Oracle seeks more than $9B from Google in case over Java patents in Android

Oracle is seeking as much as $9.3 billion in damages from Google in a long-running copyright dispute over the use of Oracle's Java platform in Google's Android smartphone operating system.

Oracle sued Google in August 2010 in a California court, claiming that Google was aware of its patent infringements several years prior when it hired Sun Microsystems' Java engineers to develop Android (Oracle acquired Sun Microsystems in 2010). Google "knowingly, directly and repeatedly" infringed Java patents, an Oracle spokesperson said at the time.

Citing a report authored by an expert Oracle hired to calculate the damages, IDG News Service said the latest sum is roughly 10 times the amount Oracle sought when the case went to trial in 2012. The jury was split in that case over whether Google was protected by "fair use" of Java.

The increased figure stems from the enormous growth of Android since 2010 as the worldwide smartphone market exploded.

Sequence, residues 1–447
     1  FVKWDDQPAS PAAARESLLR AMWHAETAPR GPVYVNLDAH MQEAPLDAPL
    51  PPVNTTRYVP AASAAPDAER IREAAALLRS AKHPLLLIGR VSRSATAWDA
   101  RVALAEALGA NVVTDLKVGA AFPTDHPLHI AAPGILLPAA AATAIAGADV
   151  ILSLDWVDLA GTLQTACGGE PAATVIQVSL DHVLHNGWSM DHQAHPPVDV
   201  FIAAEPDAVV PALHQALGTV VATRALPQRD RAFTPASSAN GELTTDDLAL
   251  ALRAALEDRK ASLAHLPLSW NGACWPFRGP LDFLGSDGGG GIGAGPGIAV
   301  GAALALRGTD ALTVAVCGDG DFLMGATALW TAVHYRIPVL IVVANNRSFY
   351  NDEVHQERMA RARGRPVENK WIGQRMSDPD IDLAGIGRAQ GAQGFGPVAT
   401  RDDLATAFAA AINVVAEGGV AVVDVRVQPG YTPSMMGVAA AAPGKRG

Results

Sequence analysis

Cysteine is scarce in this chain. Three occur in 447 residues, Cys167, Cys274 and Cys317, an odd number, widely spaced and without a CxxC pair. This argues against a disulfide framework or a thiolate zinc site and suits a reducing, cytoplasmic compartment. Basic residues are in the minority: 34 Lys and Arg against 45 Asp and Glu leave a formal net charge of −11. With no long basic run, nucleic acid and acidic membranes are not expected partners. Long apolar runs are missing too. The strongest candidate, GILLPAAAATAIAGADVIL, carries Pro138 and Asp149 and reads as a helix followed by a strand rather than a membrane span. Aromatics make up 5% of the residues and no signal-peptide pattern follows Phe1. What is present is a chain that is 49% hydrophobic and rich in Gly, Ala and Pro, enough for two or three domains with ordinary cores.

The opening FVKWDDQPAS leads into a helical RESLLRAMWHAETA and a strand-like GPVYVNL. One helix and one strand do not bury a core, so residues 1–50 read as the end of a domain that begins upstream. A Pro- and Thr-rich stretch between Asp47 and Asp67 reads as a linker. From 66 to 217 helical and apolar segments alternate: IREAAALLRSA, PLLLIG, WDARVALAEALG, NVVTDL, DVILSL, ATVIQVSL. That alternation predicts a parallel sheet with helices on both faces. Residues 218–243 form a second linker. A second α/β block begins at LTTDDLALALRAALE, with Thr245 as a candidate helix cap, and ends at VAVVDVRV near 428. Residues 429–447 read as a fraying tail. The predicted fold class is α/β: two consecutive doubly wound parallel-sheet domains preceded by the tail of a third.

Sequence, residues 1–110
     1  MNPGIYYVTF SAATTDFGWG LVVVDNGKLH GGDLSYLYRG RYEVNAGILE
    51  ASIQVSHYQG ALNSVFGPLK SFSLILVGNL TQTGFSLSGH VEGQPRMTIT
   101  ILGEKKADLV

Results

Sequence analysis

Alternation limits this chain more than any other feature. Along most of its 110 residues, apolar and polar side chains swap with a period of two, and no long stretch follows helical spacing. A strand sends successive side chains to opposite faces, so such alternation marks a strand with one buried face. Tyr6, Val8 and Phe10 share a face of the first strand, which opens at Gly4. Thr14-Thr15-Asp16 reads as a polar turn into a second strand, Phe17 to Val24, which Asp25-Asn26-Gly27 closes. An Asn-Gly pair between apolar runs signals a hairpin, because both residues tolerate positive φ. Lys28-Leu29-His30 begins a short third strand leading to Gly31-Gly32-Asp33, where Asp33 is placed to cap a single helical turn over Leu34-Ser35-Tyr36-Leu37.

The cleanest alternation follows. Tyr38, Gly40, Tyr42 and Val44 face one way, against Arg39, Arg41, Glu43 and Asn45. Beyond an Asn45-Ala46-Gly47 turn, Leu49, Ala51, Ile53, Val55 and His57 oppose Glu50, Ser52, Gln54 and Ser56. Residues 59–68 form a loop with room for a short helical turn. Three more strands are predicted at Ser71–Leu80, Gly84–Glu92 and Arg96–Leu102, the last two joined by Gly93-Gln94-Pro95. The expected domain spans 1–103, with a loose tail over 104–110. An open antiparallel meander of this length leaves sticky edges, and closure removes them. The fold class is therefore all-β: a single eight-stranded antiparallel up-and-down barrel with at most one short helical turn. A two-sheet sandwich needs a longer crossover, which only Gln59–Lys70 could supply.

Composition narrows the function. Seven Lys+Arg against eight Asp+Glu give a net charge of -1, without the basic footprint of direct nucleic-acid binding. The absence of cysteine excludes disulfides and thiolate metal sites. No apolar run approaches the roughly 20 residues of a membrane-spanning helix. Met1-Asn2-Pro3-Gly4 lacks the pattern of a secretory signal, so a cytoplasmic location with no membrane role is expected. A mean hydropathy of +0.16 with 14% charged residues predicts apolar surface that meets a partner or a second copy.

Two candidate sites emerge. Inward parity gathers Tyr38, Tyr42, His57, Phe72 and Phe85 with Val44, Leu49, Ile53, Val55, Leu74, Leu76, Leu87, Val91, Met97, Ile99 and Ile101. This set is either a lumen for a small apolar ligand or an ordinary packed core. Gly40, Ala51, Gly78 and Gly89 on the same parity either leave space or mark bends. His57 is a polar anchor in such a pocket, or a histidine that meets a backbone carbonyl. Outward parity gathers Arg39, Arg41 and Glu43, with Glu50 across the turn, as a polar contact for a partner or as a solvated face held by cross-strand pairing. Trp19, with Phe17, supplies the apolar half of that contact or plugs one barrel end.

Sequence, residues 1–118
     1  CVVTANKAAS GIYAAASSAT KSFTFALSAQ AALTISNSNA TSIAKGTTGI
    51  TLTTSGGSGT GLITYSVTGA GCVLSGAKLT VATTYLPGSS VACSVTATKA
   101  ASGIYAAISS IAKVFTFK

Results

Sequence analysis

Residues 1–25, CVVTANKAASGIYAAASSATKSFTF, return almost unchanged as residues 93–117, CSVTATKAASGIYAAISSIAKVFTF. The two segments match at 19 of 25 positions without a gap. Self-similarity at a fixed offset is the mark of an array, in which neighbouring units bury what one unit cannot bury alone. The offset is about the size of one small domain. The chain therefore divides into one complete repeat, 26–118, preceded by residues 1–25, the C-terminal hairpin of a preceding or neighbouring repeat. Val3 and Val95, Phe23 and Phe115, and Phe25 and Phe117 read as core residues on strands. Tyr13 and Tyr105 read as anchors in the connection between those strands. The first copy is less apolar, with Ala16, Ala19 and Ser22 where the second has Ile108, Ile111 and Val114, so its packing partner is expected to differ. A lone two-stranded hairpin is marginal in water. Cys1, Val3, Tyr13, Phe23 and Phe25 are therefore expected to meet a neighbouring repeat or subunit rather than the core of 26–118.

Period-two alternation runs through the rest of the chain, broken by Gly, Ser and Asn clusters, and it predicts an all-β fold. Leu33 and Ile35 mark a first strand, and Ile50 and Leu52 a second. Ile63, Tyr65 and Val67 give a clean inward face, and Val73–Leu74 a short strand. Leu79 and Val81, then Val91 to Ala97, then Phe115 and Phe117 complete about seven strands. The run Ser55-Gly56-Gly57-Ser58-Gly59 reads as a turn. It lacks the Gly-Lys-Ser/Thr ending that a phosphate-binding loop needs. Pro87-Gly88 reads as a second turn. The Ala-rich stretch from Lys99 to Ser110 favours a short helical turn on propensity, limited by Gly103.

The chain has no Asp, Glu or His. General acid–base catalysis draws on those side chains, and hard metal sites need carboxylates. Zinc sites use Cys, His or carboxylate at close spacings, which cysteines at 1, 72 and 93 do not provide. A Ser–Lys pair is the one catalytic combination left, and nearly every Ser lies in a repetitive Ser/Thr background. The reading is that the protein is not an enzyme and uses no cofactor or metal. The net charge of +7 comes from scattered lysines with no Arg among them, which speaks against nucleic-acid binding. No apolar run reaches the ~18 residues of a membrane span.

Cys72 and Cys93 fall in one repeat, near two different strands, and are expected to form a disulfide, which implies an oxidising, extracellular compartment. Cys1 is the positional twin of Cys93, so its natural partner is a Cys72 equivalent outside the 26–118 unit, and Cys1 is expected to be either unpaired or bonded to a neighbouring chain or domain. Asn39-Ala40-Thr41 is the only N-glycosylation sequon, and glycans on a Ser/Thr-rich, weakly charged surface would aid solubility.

James Malackowski, Oracle's expert witness, wrote in a lengthy analysis that Google owes $475 million in damages and an additional $8.8 billion in "profits apportioned to infringed Java copyrights." Malackowski is the CEO of Ocean Tomo, an "intellectual property merchant bank" that provides expert testimony and other services.

"Google's strategy in launching Android as a mobile platform was to ensure a continuing revenue stream from its search services in connection with mobile advertising," he wrote in the report. "Mobile search has generated significant advertising revenue and profit for Google, and the Android platform is a critical component of Google's overall mobile search business."

Malackowski's report also implies Google was rushing to get its OS to market following Apple's launch of the iPhone. The company opted to use Java to help expedite the development of Android, according to the document.

As The Register notes, Google has already filed paperwork questioning Malackowski's report. "The allegedly infringing material makes up a mere fraction of a percent of code in the complex Android smartphone platform," Google wrote.

A new trial is slated to begin May 9 in a San Francisco federal district court.

For more:
- see this IDG News Service report

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